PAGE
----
Advanced pressure classes


History-themed memes decorate the wall outside of the AP World History classroom. Every year, it week’s like there’s been more and more pressure to take AP classes. It’s time to see if they’re really as big of a deal as everyone makes them out to be. (Courtesy of Michael Rhee)

Michael Rhee, Staff Writer

    AP Courses. Weighted classes. No weekly workload limit. Back when I was still a naive little Freshman, these words intimidated me into thinking that surviving an AP class would be the greatest ordeal of my high school life.

    Seeing almost all my peers sign up for AP World or Euro and Honors Chem made me feel pressured into taking weighted courses as well. With my Junior year right around the corner, I was considering taking even more weighted classes to boost next year’s GPA for college, when my AP World History teacher, Jordan Kither, said something that made me think.

    “I wish we’d cap it at two [AP classes] per year [per student],” said Kither. “I see so many of my students in AP World so stressed out because they’re in too many weighted classes.”

    That really got me thinking: what’s more important, enjoying life now, or preparing for the future?

    “Society does pressure millennials – a lot – to take as many AP courses as possible,” Sophomore Brendan Kitchen said. “Parents tell their kids that they need to be competitive so that they can get into the best possible college they can.”

    Danville has especially high academic standards, and an unrivaled number of our students go on to two or four-year colleges. These high expectations cause our parents to encourage us to take weighted courses, just so that we stay competitive enough to get into a good college.

    “Every parent wants their kid to be a Stanford graduate, or to go to Harvard, and I don’t think that a lot of parents could admit to themselves that that isn’t the case,” Kither said.

    A lot of the pressure to take AP’s comes from college requirements and expectations. Monte Vista’s college and career advisor Cathy Haberl agrees that most colleges like to see that you’ve taken some weighted courses.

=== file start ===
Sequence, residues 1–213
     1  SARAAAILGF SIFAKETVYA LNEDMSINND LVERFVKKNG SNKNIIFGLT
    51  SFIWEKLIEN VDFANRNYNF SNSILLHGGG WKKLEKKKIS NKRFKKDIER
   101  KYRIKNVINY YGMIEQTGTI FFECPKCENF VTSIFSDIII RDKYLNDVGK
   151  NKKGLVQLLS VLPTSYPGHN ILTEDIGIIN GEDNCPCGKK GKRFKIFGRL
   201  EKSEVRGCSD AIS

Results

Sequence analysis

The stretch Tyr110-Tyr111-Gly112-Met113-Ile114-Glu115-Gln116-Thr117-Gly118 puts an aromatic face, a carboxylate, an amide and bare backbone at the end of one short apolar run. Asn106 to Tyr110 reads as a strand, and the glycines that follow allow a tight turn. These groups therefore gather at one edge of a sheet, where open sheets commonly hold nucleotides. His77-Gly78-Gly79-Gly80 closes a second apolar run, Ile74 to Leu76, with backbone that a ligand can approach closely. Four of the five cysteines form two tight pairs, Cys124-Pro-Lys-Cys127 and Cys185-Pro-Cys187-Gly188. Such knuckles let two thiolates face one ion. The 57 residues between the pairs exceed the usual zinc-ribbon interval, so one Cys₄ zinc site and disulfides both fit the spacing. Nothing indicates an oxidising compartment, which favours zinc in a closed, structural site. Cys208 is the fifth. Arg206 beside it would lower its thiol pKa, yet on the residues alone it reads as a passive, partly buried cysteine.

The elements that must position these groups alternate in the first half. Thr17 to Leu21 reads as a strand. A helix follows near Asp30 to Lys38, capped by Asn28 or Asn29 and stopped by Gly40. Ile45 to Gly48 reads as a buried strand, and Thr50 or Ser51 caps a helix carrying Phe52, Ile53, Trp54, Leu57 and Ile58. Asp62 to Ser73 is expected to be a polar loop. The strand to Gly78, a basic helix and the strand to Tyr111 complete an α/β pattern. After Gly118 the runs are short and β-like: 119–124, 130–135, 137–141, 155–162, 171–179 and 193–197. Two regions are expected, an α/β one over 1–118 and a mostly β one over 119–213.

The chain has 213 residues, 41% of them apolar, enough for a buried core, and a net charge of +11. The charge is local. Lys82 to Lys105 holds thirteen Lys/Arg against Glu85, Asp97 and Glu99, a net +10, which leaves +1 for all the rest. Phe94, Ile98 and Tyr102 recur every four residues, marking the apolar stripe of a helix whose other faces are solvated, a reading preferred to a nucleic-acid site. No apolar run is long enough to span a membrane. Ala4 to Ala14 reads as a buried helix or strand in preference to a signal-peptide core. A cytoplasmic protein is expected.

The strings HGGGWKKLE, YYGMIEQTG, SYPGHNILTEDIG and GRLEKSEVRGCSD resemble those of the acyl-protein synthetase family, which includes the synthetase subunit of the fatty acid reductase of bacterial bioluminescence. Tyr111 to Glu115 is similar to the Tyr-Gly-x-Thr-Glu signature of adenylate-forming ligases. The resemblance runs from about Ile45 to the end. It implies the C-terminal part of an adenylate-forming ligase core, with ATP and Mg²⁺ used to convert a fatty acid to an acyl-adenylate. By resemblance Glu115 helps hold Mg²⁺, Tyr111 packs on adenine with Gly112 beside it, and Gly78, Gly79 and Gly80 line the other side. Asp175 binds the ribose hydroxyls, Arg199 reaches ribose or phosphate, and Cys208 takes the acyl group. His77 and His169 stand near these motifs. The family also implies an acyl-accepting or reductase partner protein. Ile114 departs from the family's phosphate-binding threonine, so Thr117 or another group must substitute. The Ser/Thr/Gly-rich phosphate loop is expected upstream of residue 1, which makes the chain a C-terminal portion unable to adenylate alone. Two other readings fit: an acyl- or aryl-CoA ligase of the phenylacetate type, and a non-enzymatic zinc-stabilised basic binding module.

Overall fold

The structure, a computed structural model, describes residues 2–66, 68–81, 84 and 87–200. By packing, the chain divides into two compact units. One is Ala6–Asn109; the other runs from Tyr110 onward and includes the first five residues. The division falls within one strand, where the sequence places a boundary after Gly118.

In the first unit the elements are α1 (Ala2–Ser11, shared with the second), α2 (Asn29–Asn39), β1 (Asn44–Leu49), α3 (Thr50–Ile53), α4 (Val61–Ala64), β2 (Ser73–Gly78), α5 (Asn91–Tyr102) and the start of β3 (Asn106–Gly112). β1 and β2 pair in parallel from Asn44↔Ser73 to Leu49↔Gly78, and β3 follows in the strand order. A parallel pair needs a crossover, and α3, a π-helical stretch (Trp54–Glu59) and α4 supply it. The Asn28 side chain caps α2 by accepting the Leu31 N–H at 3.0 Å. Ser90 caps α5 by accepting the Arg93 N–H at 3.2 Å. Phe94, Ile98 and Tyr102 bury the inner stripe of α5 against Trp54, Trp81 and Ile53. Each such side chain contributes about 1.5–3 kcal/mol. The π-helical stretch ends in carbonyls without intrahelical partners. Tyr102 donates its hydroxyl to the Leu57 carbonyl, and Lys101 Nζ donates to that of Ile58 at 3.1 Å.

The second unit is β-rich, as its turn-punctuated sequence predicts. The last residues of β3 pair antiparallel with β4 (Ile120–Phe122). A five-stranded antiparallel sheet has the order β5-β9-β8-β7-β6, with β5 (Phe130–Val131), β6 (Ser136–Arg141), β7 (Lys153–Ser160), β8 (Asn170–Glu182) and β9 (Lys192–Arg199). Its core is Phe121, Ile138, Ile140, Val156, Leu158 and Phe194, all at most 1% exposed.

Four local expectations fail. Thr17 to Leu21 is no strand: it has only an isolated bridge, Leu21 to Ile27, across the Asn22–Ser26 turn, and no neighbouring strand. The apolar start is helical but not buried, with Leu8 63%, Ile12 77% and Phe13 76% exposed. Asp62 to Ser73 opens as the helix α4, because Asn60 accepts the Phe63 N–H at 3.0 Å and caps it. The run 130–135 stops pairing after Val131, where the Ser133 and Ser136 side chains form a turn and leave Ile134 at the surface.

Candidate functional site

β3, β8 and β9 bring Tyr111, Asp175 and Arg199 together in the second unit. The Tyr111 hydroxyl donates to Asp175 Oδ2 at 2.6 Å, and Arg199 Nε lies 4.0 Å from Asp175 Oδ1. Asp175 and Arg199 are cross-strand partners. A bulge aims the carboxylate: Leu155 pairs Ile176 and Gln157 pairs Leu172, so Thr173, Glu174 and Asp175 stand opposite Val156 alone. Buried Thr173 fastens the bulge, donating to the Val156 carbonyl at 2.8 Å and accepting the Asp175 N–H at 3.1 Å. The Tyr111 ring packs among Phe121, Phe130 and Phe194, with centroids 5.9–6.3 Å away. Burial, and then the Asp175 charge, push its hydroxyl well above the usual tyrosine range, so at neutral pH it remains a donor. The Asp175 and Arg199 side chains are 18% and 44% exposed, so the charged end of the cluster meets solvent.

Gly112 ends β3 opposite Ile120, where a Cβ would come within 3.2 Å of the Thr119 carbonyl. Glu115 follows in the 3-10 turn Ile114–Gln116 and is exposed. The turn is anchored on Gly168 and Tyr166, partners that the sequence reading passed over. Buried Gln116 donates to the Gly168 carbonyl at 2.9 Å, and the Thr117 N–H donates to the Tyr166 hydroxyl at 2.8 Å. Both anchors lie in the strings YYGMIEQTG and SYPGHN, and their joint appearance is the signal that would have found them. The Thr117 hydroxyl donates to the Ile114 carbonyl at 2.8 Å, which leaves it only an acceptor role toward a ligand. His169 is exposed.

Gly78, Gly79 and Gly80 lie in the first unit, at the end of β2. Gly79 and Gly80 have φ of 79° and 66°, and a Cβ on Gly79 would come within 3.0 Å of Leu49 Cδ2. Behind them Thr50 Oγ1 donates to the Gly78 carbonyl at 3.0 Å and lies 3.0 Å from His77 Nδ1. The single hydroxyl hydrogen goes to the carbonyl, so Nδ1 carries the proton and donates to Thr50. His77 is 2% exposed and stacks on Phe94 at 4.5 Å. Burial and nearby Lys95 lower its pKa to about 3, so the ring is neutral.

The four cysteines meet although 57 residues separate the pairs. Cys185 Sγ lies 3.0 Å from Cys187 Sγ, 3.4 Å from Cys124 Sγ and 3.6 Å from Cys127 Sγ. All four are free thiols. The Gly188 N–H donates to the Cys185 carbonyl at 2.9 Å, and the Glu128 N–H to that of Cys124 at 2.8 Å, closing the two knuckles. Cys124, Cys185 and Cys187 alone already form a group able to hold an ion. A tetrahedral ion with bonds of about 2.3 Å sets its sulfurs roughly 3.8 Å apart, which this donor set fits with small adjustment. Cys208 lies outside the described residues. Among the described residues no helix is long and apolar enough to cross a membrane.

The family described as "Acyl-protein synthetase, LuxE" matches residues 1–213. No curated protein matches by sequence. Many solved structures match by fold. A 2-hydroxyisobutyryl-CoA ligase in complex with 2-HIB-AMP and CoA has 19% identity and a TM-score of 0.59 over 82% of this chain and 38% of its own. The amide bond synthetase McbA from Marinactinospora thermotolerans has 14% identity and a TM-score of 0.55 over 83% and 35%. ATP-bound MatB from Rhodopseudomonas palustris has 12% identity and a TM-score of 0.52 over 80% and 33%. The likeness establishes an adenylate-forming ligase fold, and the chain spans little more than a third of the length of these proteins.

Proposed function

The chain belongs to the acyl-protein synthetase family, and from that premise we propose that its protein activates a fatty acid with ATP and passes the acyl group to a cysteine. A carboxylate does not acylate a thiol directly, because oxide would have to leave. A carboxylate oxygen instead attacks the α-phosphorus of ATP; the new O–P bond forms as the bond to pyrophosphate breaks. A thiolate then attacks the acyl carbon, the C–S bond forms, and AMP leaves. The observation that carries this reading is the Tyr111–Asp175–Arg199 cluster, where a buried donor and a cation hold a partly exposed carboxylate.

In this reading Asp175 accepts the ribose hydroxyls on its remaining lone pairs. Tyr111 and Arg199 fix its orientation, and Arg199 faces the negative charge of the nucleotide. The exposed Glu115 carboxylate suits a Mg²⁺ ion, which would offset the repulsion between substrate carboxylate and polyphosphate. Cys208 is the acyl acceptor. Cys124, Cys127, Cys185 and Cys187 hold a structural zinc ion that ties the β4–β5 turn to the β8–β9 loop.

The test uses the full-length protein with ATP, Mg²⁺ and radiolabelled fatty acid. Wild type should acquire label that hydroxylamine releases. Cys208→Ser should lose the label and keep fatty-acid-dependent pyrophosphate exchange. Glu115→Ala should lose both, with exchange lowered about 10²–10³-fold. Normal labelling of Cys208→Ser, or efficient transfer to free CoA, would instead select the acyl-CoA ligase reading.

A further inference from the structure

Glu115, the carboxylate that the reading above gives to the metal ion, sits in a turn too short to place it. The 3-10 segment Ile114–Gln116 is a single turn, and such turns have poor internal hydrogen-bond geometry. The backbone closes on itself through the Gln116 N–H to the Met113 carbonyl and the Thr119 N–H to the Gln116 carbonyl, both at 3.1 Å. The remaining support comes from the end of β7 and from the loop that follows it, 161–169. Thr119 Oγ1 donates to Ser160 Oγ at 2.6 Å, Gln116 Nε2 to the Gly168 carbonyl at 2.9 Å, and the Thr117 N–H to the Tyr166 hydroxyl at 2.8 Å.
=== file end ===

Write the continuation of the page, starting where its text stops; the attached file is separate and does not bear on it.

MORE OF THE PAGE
“Colleges would always like to see you challenge yourself with the most rigorous classes a student can handle,” Haberl wrote. “They would rather see you getting a C or a B in an AP or Honors class more than you taking a regular class load and getting straight A’s.”

    As far as I can see, people think the purpose of high school is to only build their resumés for college and prepare for later. They think the best solution is through weighted classes. Unfortunately, it seems like the majority are only concerned with their GPA, rather than their passions.

    “Why would you take AP history every single year if you have no interest in history?” Kither asked. “Pick the subjects you’re interested in. You shouldn’t be having to spend hours and hours of your week on a subject you don’t enjoy.”

    Pursuing your personal interests should definitely be a high priority when picking AP and Honors classes. Knowing what you want to do will help you immensely with future decisions, such as college majors or careers.

    “The most important thing is to know what you want to do in life as soon as possible so that you can dedicate yourself to that,” Kitchen argued. “[You] don’t necessarily need to max out on AP level classes to get into a high-level college, you just need to get into the best college that’s good for you.”

    This year, keep these things in mind. Don’t worry about not taking enough weighted courses, and don’t let yourself feel pressure from your friend’s choices.

    “Set yourself apart from your peers and don’t follow the herd, taking the same classes as everybody else,” Haberl wrote. “Try something new….you might just love it!”